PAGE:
Dragon Quest Monsters III: Caravan Heart Retroview
Years before he became the manly-chinned supporting male character of Dragon Quest VII, Prince Kiefer of Gran Estad had a much different sort of adventure. “Before” is sort of relative, as Dragon Quest Monsters: Caravan Heart was published a few years after DQ7, but the character is certainly the same. Prince Kiefer, age 11, has gotten his dad into a royal snit once more, and has hidden himself away in the wardrobe until it blows over. Fans of C.S. Lewis might guess what happens next. As he naps in the wardrobe, Kiefer dreams of a strange woman who claims to be the Queen of the Spirits. A portal appears, and the prince is drawn into a strange world of adventure.
It’s not an entirely new world, however. While the DQM series has never been shy about how it appropriates material from its parent series, Caravan Heart has borrowed the map of Dragon Warrior II in its entirety with only a few changes. Much of the NPC chatter even makes reference to events in the original DQ trilogy, though more as a matter of legend than of history.
Upon arrival, Kiefer is immediately thrust into a position of responsibility, as he must take command of a small caravan that’s about to be overrun by Drakkies. The nominal head of the caravan is Lewin, a scrawny lad who’s searching for a cure to his parents’ illness. Every child in the land has heard the Queen of the Spirits in their dreams, and she’s promised a powerful wish to whoever can bring her the four orbs of Loto. With Kiefer by his side, he thinks he might have a chance.
The caravan in this game isn’t just a part of the title; it’s part and parcel of the entire experience. The player starts with just one wagon, but eventually two more are acquired. Each wagon can hold one guard monster and up to four human passengers, though there are weight limits to worry about. There’s an old man wondering about who can raise the limits, but he’s rarely available. Otherwise, there are no upgrades of which to speak.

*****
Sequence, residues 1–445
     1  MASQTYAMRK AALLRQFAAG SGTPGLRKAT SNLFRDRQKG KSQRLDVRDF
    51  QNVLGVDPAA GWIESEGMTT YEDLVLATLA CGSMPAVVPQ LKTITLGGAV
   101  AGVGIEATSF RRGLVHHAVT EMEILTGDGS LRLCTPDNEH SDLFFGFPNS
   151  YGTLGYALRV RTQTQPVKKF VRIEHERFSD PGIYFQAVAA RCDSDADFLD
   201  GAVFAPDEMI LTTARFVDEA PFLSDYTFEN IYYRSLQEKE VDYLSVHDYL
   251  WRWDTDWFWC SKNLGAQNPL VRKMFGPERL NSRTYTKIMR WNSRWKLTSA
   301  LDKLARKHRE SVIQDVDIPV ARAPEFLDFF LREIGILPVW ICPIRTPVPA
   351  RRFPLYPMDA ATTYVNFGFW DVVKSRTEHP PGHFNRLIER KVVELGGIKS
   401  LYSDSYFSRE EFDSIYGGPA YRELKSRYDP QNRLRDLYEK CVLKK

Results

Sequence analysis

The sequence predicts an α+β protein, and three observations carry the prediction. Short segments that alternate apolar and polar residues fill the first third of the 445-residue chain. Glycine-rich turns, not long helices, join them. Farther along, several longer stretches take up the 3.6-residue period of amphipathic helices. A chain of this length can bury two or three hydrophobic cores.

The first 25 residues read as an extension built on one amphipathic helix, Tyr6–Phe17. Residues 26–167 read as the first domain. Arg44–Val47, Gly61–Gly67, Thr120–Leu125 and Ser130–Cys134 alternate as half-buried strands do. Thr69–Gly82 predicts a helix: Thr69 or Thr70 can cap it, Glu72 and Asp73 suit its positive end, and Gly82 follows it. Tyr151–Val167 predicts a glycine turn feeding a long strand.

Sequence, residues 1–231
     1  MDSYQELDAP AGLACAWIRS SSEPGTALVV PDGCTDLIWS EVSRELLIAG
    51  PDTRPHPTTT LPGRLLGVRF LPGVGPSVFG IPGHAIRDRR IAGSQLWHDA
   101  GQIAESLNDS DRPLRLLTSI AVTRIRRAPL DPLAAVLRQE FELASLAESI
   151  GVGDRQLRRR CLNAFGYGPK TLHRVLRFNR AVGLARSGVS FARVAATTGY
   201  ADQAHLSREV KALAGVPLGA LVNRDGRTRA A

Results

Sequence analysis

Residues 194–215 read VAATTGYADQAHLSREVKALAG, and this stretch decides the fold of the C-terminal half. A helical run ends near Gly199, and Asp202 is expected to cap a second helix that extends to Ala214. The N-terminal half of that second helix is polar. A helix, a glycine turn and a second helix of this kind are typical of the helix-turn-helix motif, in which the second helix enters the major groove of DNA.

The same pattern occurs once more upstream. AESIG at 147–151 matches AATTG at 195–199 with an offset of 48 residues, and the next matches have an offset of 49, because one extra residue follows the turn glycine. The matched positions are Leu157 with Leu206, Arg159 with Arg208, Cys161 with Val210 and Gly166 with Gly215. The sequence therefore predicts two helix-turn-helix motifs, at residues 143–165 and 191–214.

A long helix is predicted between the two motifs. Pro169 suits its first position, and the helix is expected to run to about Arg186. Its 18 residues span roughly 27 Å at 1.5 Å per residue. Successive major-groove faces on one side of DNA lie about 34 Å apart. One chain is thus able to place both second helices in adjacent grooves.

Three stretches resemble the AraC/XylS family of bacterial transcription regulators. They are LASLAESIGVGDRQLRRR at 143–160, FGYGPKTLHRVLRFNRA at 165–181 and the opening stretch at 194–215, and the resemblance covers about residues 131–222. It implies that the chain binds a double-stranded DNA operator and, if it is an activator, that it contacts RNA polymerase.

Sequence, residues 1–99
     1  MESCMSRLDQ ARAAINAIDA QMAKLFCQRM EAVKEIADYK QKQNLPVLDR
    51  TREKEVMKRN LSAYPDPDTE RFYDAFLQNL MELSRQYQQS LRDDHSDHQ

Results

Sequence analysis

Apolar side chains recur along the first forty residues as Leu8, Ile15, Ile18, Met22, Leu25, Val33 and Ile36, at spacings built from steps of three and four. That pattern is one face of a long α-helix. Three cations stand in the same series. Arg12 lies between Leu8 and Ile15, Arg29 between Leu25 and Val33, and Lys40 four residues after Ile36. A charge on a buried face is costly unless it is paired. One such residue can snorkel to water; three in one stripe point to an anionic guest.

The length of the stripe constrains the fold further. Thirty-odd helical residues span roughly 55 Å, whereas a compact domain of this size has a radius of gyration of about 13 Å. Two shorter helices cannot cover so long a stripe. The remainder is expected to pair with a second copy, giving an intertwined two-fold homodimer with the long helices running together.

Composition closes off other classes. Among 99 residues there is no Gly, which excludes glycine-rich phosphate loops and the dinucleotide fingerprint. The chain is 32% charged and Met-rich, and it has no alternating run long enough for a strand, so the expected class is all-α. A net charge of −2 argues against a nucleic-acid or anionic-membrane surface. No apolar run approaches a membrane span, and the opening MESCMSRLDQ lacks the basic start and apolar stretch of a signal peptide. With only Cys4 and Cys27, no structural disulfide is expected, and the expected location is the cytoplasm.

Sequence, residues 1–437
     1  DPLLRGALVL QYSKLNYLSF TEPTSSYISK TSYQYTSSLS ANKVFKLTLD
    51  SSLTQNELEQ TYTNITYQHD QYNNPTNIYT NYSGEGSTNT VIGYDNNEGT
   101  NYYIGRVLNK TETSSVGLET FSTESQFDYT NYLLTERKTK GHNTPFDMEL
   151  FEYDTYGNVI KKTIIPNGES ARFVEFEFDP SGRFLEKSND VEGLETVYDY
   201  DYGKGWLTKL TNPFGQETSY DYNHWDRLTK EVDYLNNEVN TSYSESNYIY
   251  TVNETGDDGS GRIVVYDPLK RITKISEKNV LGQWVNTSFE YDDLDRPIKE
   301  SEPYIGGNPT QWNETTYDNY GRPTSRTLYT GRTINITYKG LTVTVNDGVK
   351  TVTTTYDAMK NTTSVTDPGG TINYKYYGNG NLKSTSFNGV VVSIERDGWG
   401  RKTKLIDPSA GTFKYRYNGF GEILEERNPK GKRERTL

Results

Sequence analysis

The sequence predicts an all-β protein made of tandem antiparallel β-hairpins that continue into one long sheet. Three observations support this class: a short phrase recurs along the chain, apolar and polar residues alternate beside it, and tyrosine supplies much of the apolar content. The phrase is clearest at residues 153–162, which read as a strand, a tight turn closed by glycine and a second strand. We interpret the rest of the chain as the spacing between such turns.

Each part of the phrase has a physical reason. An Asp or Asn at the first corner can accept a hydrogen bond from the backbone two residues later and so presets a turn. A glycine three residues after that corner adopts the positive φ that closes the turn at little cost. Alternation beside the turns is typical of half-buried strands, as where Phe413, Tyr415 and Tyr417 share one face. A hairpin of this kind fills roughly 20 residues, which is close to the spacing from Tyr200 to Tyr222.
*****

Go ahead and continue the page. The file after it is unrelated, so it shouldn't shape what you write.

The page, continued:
More important are the passengers. Caravan Heart is odd in that it isn’t really a monster-collecting game. The player gets only three monsters to join in the main quest, plus two more that are either optional or post-game material. However, the human population of the caravan maxes out at twenty (plus a few residents at the base camp). New members can be recruited via story quests or by making their acquaintance in towns. Different sorts of characters provide different services in the field, at the base camp, or in battle.
In fact, the player’s choices for manning the caravan are as important as equipment selection might be in other RPGs. Each round one passenger in each wagon gets to act as determined by the seating order. Human characters can can variously attack, protect, heal, distract, buff, or debilitate, so the chosen order becomes a major point of strategy late in the game. However, since the squishy humans can’t grow in strength, these characters need to occasionally be replaced with more powerful versions, should they be found.
On the other hand, the monster characters will be with the player for a long time. There’s no recruitment mechanic in battle at all, so the three creatures gained through plot will have to suffice until the player can scrape up the cash to buy the fourth monster. Neither is there a breeding mechanic, unlike most other games in the series. Instead, Caravan Heart borrows from DQ7 once again with the Hearts system.